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BBC Multifamily Newsletter – October 2017

In This Issue:

Upcoming Webinar: Tackle Energy Efficiency and Indoor Air Quality Together
New Multifamily Solar Development Resources
New: ENERGY STAR Water Score in Portfolio Manager
Summit Recap: Multifamily Housing Water Woes - Wacky Tales of Waste and What to Do


Tackle Energy Efficiency and Indoor Air Quality Together: Best Practices in Multifamily Housing Upgrades Webinar

Baby crawling in front of an air return duct

Thursday, October 19, 1:00 PM - 2:15 PM EDT

Register for the webinar

Interested in taking a proactive approach to protecting indoor air quality (IAQ) while boosting energy efficiency in your multifamily building? This webinar will walk you through the steps of getting started. You'll learn how to integrate energy management activities (including a retrofit or other building upgrade project) and IAQ protection activities using the recommendations in EPA's Energy Savings Plus Health: Indoor Air Quality Guidelines for Multifamily Building Upgrades. Use of these guidelines can lead to substantial improvements in IAQ and cost savings. To learn more about protecting IAQ in your home please visit the EPA’s Indoor Environments Division website on remodeling and energy upgrades here. By attending this webinar, participants will:

  • Learn how to integrate IAQ protection activities into energy efficiency retrofit projects.
  • Learn how to use EPA's Multifamily Checklist Generator Tool, a custom verification checklist spreadsheet that accompanies the Indoor Air Quality Guidelines.
  • • Hear case studies on the City of Mankato Economic Development Authority and the Hempstead Housing Authority’s multifamily building retrofits to learn best practices and real world application of content found in the guidelines.

New Multifamily Solar Development Resources

In addition to committing to reduce energy use by 20 percent over 10 years, many BBC Multifamily partners choose to also integrate renewable energy such as solar PV into their broader energy strategy, finding that they can:

  • Reduce operational costs and generate long-term revenue;
  • Create jobs by training residents on system maintenance;
  • Limit greenhouse gas emissions; and
  • Provide reliable energy in the face of unpredictable weather events.

Dozens of multifamily housing providers (including many BBC partners!) have voluntarily committed to installing more than 300 MW of solar on their building portfolios in support of HUD's Renew300 initiative. HUD has developed a series of online resources to guide multifamily housing providers through all stages of the solar development process.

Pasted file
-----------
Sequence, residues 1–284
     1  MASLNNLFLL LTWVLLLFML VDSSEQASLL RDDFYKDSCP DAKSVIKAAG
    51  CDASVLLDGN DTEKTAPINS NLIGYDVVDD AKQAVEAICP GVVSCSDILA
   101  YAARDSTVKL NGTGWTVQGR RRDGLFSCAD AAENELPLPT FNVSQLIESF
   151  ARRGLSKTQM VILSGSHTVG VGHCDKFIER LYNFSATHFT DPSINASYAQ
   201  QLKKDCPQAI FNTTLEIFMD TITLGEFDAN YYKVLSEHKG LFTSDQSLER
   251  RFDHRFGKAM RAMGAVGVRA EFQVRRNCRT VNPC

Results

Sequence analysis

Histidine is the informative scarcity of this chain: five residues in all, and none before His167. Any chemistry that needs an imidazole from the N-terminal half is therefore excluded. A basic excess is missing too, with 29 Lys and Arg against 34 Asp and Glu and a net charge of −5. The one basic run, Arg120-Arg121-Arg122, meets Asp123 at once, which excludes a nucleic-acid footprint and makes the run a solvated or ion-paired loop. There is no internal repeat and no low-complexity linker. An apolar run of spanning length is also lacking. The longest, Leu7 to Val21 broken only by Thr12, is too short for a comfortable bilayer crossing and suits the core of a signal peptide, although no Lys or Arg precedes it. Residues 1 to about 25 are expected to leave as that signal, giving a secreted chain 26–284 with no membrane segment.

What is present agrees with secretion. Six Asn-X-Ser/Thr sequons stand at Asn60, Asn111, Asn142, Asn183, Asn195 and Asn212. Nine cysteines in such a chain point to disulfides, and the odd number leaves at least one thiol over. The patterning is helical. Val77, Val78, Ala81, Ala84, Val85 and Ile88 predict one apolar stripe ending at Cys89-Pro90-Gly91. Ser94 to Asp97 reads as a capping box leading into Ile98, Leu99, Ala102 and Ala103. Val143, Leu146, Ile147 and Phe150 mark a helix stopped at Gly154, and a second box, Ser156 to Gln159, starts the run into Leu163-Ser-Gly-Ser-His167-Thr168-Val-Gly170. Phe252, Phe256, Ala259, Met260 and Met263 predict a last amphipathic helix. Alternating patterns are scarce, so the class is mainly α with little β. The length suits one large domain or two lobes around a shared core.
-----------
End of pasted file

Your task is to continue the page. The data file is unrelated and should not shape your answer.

Organizational Solar Readiness Assessment

Not sure where to start the solar development process? This approachable PDF tool gives property owners and managers a basic understanding of where their organization stands in the solar development lifecycle. By answering these questions up front, multifamily housing providers can lower project costs and risks and improve project timelines.

books

Solar Site Selection Guide

Avoid investing time and money pursuing solar on unsuitable buildings by using this PDF Guide to quickly score properties on twelve technical and economic screening factors related to solar development. Use the accompanying Excel Scorecard to compare up to ten sites and select the best candidates for solar.

solar site selection

Solar Request for Proposals Toolkit

Procuring on-site solar electricity is an unfamiliar and daunting process for many affordable multifamily housing providers. HUD has created a comprehensive Solar Request for Proposals Toolkit to clarify the process and provide customizable templates. The toolkit includes:

  • An Introduction that explains how to use the toolkit and its components, provides an overview of the typical procurement process, and includes a glossary of common terms.
  • An RFP template that was created using HUD-specific experience combined with industry best practices for solar project procurement in multifamily housing. Each section is customizable to meet the user’s needs. The template is accompanied by an Instructions document with additional tips and guidance by section.
people discussing proposal
  • A sample completed RFP for users to see how an organization could complete the template.
  • Four attachments that users might include with their RFP, including a listing of sites and site electricity usage, solar PV system minimum equipment and construction requirements, contractor insurance requirements, and a cost proposal form.

New: ENERGY STAR Water Score in Portfolio Manager

EPA has launched the new 1-100 water score for multifamily properties in ENERGY STAR Portfolio Manager. The water score allows multifamily housing providers to see how their property's water consumption compares to similar properties nationwide. Join EPA for a webinar on Wednesday, October 18, at 1:00 PM ET to discuss the score development process, see a demonstration of how to generate the score in Portfolio Manager, and discuss how multifamily owners can use this new water performance metric to help identify opportunities for water savings. Visit EPA 1-100 water score for multifamily properties for details.


Multifamily Housing Water Woes: Wacky Tales of Waste and What to Do

Each day in multifamily housing, tenants consume about 121 gallons of water per housing unit, and water rates are on the rise. The good news is that with high quality equipment, active monitoring and proactive maintenance, water efficiency improvements can lead to dramatic yet consistent savings of 30 to 60 percent, according to Keith Rassin of eConserve LLC who spoke at the May 2017 Better Buildings Summit in Washington, D.C.